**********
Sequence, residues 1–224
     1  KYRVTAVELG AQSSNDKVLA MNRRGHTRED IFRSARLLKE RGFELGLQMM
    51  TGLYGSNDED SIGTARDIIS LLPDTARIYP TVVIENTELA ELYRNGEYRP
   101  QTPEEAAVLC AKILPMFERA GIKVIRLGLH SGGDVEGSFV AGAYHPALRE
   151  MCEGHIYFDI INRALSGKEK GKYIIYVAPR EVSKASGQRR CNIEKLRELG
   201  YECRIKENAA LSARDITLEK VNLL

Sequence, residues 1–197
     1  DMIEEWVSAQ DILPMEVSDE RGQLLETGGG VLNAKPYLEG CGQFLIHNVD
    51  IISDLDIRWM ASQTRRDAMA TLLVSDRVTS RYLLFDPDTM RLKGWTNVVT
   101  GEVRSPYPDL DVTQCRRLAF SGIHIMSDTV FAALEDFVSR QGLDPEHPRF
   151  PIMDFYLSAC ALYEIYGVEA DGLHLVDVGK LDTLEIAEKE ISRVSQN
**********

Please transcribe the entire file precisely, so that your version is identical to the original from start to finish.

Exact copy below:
Sequence, residues 1–224
     1  KYRVTAVELG AQSSNDKVLA MNRRGHTRED IFRSARLLKE RGFELGLQMM
    51  TGLYGSNDED SIGTARDIIS LLPDTARIYP TVVIENTELA ELYRNGEYRP
   101  QTPEEAAVLC AKILPMFERA GIKVIRLGLH SGGDVEGSFV AGAYHPALRE
   151  MCEGHIYFDI INRALSGKEK GKYIIYVAPR EVSKASGQRR CNIEKLRELG
   201  YECRIKENAA LSARDITLEK VNLL

Sequence, residues 1–197
     1  DMIEEWVSAQ DILPMEVSDE RGQLLETGGG VLNAKPYLEG CGQFLIHNVD
    51  IISDLDIRWM ASQTRRDAMA TLLVSDRVTS RYLLFDPDTM RLKGWTNVVT
   101  GEVRSPYPDL DVTQCRRLAF SGIHIMSDTV FAALEDFVSR QGLDPEHPRF
   151  PIMDFYLSAC ALYEIYGVEA DGLHLVDVGK LDTLEIAEKE ISRVSQN